Monday, June 19, 2017

Our Farmhouse Chic Fountain

I'm thrilled to be partnering with smartpond® for this farmhouse style fountain. 
Their pond and water feature products are created exclusively for Lowes. 
This is a sponsored post. We've been provided the pump, tubing, and we've been compensated for our time and the supplies. 
This was a project that Bill and I had fun doing together.


When were asked to do this, we immediately wanted a stock tank as the basin for our fountain.
One of our favorite restaurants in Ft. Worth is in an old gas station.
Stock tanks full of greenery line the old concrete driveway.
We have been wanting to incorporate one of these tanks into our yard for a few years. 


This area of the yard has had me stumped. 
I've always wanted a border of flowers but the roots of our old trees are so near to the surface of the grass, nothing will grow.
Our new fountain adds urban, farmhouse chic to our front lawn and it coordinates with our stock tank pool in the back
It looks so cute in front of our split rail fence.
This fountain was easy to put together.


The sheep stock tank was for sale around the corner at the feed store. 
They loaded it in the truck for me but it was easy to maneuver by myself when I got home. 
I just rolled it from the truck to the split rail fence.



Bill made a stand out of some cedar. 


He put his H.S. Geometry skills to use as he came up with the perfect angle for our X shaped stand.
You could put the tank on the ground or make a simple stand out of bricks or rocks. 


I used some paint remover and Goo Gone to strip off the painted logo and some stickers. 
Once those things were finished, we made sure that the tank was level.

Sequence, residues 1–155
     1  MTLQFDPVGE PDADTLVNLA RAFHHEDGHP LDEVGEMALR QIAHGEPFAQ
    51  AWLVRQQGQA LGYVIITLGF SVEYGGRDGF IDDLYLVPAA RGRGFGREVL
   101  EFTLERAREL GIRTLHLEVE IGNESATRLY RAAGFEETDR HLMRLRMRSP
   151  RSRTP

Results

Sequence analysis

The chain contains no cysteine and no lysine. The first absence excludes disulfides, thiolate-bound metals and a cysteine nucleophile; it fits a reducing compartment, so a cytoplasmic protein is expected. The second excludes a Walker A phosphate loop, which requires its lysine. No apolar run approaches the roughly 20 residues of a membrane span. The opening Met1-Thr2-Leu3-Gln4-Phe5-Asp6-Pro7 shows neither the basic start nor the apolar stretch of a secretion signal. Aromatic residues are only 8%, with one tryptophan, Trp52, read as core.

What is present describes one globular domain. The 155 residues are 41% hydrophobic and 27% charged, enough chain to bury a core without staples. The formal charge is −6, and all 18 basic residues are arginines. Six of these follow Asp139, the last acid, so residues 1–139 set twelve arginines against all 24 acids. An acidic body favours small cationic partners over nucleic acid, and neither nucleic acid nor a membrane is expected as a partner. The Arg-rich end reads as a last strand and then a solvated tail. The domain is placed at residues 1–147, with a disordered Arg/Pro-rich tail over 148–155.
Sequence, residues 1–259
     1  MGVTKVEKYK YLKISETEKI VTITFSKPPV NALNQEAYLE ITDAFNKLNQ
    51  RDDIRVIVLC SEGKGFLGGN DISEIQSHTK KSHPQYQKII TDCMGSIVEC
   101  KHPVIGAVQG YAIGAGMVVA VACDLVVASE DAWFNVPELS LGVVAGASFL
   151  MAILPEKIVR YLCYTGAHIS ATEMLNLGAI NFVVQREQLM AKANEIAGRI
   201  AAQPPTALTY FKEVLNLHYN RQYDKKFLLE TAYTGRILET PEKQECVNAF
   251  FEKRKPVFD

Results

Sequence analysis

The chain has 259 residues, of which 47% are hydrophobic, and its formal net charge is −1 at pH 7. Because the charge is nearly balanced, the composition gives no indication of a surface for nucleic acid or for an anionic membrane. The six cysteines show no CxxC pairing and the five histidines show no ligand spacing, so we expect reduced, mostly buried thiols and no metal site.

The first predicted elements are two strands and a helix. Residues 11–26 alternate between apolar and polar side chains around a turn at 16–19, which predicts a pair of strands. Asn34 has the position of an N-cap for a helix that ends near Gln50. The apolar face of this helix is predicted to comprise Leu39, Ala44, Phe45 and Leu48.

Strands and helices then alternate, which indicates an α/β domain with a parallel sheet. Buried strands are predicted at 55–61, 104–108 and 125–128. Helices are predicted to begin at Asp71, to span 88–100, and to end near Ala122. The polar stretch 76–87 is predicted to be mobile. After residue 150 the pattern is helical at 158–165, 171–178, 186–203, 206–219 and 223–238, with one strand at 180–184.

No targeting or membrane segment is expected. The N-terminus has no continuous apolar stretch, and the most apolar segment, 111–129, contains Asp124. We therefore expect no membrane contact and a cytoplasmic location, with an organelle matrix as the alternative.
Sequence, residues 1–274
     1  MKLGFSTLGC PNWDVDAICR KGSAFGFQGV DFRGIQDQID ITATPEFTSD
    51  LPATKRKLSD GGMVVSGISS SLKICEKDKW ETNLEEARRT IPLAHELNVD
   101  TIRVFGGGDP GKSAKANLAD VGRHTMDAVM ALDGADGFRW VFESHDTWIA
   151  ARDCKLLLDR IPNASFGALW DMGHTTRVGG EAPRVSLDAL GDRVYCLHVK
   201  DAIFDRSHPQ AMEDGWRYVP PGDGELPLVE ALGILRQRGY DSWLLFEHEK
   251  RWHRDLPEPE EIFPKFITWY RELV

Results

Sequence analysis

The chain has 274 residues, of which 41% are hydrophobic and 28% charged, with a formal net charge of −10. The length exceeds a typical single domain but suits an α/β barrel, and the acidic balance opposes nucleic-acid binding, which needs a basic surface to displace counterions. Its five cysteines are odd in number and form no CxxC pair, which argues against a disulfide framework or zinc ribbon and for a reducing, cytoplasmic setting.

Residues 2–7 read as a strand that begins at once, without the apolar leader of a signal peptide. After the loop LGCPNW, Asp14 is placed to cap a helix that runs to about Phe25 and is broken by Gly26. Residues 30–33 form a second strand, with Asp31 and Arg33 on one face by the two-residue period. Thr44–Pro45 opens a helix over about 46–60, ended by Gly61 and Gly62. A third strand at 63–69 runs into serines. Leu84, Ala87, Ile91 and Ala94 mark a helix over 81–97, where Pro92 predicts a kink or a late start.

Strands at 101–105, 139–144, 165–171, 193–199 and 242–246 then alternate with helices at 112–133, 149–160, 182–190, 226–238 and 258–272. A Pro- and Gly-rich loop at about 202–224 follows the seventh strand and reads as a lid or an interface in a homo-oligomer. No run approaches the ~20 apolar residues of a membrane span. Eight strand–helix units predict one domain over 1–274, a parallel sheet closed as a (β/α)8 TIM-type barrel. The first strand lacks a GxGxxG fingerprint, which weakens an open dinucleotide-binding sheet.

When I saw this antique pump, I knew it would be a perfect centerpiece for our project. 
I was immediately filled with nostalgia because I used to play with one at my grandparent's lake house. 
 I'm crushing on the green paint!


I bought it and brought it home.
If you can snake plastic tubing through an object, it can be the focal point of a water feature. 
I didn't realize that this old thing had a metal stopper or plunger that was in the way of where the tubing would be threaded.  


I had a moment of panic because I was determined to use it. 
I unscrewed the bolt that was holding the connecting rod to the pump handle. 
We put the rod in the vise. The plunger was at the other end of the rod. 


The Sawzall cuts metal so we used it to cut through the cage around the plunger. 




Then we cut off the plunger (the metal thing in the center of the cage.)
My goal was to keep this as original as possible so we were thrilled that this worked.


Once we removed the plunger, we put the connecting rod back into the pump.
We were able to thread the tubing through the center of the pump and out of the spout.




We bolted it to an old metal milk crate to elevate it to the height it needed to be.
We are both old enough to remember the milk man so this was a fun piece to add to our fountain.



Once the old pump was secure, we attached the new pump to the other end of the tubing. 
We trimmed the tubing to fit and set the pumps and milk crate in the stock tank. 
We filled the stock tank, plugged in our pump and we were good to go. 

video

We noticed the water slowing a little. 
I realized that the pump had too much of an area of water to draw from. 
 I put an open plastic shoe box under the milk crate. 
I put the new pump inside and it fixed the problem. 


It circulates 100-170 gallons per hour and it has a three year limited warranty.



I love that it has a low water shut off.
 Our old pump was not and our bird bath ran out of water several times.
Please follow all the safety instructions that come with the pump. 



This frog would be a cute focal point for a fountain. 


The flowers and lumber came from Lowes. 

Antique pump as water feature

I love hearing the water when I come out of the house.
The gentle gurgling makes the Texas heat feel cooler. 






It's so darling!